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New Connecticut Law Restricts Use of Credit Reports in Employment Decisions

  • July 19, 2011

A new law in Connecticut generally prohibits employers from using credit reports in making employment decisions regarding existing employees or applicants.  The law, effective on October 1, 2011, applies to all employers in Connecticut that have at least one employee.


Under the law, employers may not require an employee or prospective employee to consent to a credit report, subject to the following exceptions:

  1. The employer is a financial institution, as defined under the law;
  2. The report is required by law;
  3. The employer reasonably believes the employee has engaged in specific activity that constitutes a violation of the law related to the employee’s employment; or
  4. Such report is substantially related to the employee’s current or potential job or the employer has a bona fide purpose for requesting or using information in the credit report that is substantially job-related and is disclosed in writing to the employee or applicant.

Under the fourth exception, the report is “substantially related to the employee’s current or potential job” and allowable if the position:

  1. Is a managerial position that involves setting the direction or control of a business, division, unit or an agency of a business;
  2. Involves access to customers’, employees’ or the employer’s personal or financial information, other than information customarily provided in a retail transaction;
  3. Involves a fiduciary responsibility to the employer, as defined under the law;
  4. Provides an expense account or corporate debit or credit card;
  5. Provides access to certain confidential or proprietary business information, as defined under the law; or
  6. Involves access to the employer’s nonfinancial assets valued at $2,005 or more, including, but not limited to, museum and library collections and to prescription drugs and other pharmaceuticals.


Employees and prospective employees may file a complaint with the state Labor Commissioner for alleged violations of the law.  The Commission may issue a civil fine of $300 for each credit check that violates the law.  There is no statutory remedy that is available directly to the employee or applicant.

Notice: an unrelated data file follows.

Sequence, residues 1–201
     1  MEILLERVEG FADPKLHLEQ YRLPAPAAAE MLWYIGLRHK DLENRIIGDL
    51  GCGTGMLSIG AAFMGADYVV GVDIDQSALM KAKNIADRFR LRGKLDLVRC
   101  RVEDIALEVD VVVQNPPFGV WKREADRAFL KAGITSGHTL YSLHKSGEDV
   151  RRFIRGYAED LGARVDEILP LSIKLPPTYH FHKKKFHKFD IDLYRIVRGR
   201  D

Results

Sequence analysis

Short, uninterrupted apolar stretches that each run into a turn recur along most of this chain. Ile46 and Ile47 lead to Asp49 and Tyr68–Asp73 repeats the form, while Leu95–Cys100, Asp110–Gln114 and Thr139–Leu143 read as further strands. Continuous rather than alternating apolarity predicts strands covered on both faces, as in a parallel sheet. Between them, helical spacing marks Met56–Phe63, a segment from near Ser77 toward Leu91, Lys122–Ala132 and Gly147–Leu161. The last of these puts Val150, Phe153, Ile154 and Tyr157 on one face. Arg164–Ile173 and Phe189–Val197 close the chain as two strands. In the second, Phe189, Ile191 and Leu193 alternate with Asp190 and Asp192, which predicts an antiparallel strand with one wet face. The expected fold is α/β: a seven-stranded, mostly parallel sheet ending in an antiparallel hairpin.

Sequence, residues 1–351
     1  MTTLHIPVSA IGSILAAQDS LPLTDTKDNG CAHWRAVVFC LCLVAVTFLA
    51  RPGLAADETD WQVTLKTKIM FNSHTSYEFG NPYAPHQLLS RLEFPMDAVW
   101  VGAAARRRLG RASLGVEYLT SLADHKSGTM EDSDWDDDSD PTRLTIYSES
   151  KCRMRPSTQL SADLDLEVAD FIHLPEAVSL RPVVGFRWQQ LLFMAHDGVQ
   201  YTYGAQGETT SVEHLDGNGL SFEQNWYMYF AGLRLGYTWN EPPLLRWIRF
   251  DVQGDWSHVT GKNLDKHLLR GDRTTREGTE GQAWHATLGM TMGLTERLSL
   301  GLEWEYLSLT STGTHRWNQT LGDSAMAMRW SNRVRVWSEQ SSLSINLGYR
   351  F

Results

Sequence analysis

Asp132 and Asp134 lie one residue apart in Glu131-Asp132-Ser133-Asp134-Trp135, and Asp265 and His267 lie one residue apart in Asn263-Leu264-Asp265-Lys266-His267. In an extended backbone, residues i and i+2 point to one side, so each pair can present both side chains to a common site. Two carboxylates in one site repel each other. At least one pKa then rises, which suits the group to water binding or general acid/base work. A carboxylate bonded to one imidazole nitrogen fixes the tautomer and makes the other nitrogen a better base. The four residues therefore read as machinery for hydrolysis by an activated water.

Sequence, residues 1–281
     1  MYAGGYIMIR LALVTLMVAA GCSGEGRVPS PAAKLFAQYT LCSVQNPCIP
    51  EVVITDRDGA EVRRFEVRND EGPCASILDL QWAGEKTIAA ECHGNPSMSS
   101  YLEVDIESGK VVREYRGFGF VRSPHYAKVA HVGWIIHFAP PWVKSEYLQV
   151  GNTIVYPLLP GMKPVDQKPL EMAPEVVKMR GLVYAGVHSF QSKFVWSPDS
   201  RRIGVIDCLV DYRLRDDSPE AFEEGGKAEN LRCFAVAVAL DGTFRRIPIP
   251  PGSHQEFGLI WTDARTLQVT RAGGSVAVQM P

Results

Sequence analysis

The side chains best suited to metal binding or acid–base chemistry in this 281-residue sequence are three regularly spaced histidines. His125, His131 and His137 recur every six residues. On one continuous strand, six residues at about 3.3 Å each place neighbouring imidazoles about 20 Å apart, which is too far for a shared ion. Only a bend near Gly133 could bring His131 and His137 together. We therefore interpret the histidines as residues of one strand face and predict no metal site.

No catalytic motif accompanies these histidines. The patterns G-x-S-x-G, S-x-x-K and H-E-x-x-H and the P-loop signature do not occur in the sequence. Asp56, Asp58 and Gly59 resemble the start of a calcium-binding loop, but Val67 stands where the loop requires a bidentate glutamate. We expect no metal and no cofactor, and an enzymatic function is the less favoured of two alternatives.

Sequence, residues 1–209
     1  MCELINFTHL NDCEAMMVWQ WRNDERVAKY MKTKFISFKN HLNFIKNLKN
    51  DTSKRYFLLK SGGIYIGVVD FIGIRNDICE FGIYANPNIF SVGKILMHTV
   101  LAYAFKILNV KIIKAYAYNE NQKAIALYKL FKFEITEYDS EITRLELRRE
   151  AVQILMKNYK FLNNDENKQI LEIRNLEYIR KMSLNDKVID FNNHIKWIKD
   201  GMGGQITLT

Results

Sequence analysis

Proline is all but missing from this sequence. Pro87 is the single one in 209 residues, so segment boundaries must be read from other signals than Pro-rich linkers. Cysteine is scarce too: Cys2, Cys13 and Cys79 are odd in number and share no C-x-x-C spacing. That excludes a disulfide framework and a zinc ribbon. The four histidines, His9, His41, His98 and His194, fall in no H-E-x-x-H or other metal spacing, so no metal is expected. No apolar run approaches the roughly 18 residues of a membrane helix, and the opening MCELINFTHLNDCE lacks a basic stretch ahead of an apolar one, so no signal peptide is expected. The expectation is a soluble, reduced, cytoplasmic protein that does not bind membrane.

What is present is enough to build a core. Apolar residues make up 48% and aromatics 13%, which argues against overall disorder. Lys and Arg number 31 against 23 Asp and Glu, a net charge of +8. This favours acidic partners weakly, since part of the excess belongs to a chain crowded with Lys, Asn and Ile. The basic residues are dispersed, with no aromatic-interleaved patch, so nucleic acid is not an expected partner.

What Employers Should Do

Connecticut employers that use credit reports should ensure such use falls under at least one of the law’s exceptions.  Employers also should consider updating current job descriptions to reflect specifically, for example, whether the employee is in a managerial position or has access to financial information, confidential or proprietary business information, or non-financial assets as outlined in the law.

Employers should continue to ensure compliance with other applicable federal and state laws, including the federal Fair Credit Reporting Act.

Contact your Jackson Lewis attorney with any questions regarding the provisions of this new law or its implications.

©2011 Jackson Lewis P.C. This material is provided for informational purposes only. It is not intended to constitute legal advice nor does it create a client-lawyer relationship between Jackson Lewis and any recipient. Recipients should consult with counsel before taking any actions based on the information contained within this material. This material may be considered attorney advertising in some jurisdictions. Prior results do not guarantee a similar outcome.

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